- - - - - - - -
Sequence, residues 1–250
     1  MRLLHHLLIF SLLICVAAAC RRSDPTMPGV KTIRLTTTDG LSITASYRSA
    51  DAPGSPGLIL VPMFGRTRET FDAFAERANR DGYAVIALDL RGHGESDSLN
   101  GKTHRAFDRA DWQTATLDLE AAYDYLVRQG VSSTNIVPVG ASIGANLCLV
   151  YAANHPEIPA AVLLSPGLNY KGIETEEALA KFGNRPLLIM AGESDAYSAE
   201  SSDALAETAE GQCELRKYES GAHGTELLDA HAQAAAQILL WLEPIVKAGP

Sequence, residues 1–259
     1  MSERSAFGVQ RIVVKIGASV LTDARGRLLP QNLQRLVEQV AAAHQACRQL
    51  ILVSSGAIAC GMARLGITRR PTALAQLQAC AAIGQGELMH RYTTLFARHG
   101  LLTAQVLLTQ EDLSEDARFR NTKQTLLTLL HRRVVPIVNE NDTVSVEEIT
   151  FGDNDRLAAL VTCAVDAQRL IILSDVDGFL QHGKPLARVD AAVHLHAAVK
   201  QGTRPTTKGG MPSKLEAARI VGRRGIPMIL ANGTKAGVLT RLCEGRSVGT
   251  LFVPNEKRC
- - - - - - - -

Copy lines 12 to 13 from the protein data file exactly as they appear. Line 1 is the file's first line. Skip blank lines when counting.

   201  QGTRPTTKGG MPSKLEAARI VGRRGIPMIL ANGTKAGVLT RLCEGRSVGT
   251  LFVPNEKRC